Book tours aren't the only thing that can be made virtual.
So you've just begun your virtual tour. Over the next few weeks, your solid gold opus will be promoted to the entire world via guest blogs, reviews, interviews, blog-talk radio, giveaways, contests, a cool book trailer and more. Holy crap, who needs to take timeout for book signings anymore to an empty store full of nobody's who aren't about to line up not to buy your book. Time to sit back while the tour stops take place on the WWW, and watch that Amazon ranking shrink to JA Konrath, Lee Child or even Aaron Patterson proportions. You know, we're talking the coveted No. 1 in hard-boiled thrillers.
Not so fast.
Just because you've hired a virtual tour promoter for a month long promotion doesn't necessarily guarantee sales. In word, you have to work it. I can't tell you the authors who have paid for virtual tours only to be left disappointed in the end. Their sales hardly budged. Whenever that happens, I always ask said sad-faced authors if they worked the tour. Almost inevitably there'll be a pause over the cell phone connection, followed by a "What say?" Then I'll go into telling them that the virtual tour isn't an end in itself. It's a means to an end. Here's how to get there somewhat effectively:
1. Promote the fact that a tour is taking place. Twitter and Facebook the list of tour dates at least once a week. Maybe a week prior to the first tour stop, twitter it once a day.
2. When the tour begins, make sure to proudly announce it on all your social networks. Later on in the day, make your first tour stop viral by sharing it all over the web. Especially Twitter. Things get buried in Twitter so re-tweet it throughout the day.
3. Make news of each and every tour stop on your website's "News" page. Preferably on the home/index page.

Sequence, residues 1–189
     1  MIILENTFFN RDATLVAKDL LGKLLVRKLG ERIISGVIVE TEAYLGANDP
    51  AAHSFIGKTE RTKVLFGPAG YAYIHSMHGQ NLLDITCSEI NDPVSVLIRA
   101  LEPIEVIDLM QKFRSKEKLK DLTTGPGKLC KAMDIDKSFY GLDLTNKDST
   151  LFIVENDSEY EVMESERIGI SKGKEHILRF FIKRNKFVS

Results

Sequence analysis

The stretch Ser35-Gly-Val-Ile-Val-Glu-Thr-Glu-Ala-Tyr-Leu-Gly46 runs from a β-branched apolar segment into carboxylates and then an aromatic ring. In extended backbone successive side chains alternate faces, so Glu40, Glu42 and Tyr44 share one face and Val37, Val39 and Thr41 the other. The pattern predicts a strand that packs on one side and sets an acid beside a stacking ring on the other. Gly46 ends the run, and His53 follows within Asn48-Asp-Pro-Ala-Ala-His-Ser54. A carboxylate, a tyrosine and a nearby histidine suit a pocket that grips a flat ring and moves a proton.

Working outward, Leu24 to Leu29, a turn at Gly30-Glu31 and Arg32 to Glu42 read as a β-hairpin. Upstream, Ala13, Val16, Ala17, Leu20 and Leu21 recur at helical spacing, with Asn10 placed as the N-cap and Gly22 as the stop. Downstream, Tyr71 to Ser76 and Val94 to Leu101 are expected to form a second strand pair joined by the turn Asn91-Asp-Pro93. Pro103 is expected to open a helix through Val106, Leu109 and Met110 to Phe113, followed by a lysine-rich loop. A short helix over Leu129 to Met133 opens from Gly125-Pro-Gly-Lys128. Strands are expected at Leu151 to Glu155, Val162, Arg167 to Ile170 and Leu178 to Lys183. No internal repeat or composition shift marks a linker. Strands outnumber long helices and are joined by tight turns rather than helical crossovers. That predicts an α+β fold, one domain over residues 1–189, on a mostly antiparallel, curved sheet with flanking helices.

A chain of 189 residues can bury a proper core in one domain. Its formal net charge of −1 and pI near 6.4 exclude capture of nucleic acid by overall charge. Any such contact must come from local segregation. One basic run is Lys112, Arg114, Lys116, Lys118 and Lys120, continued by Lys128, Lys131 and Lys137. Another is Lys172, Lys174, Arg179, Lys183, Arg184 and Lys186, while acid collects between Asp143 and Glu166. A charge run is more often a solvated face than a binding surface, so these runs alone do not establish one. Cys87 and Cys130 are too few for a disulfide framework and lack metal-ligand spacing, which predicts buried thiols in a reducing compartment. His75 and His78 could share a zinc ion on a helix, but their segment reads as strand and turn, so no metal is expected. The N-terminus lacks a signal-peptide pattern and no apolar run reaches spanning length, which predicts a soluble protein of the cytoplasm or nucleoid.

4. Whenever applicable or possible, comment on your own tour stop. You can add something that isn't covered in the post or you can make corrections to any inaccuracies which are going to arise from time to time. You can also lead potential readers to a site where they can buy the book if it already isn't listed. Most a of all, let tour stop participants know that you're there to answer any questions they might have for you regarding the process of writing and/or selling books. They'll remember you for it, and they'll thank you by purchasing your books.
5. Blog about the tour stops. You don't want to write about every tour stop, but pick and choose a few that you can expand upon in your own personal blog.
6. When the tour is over, immediately rerun the highlights, over the next few weeks. That means, re-running one tour stop per day for a period of a few weeks. This will expose newbies to blogs, reviews, guest posts, etc. that they previously missed.
Ok, there's just a few things you can do to get the most bang out of your virtual tour buck, and in the meantime, give Patterson and Konrath something to worry about while your book chase theirs on the bestseller lists.
To order the bestselling thriller, The Remains, clicky here.
To order the bestselling noir thriller The Innocent, stab here.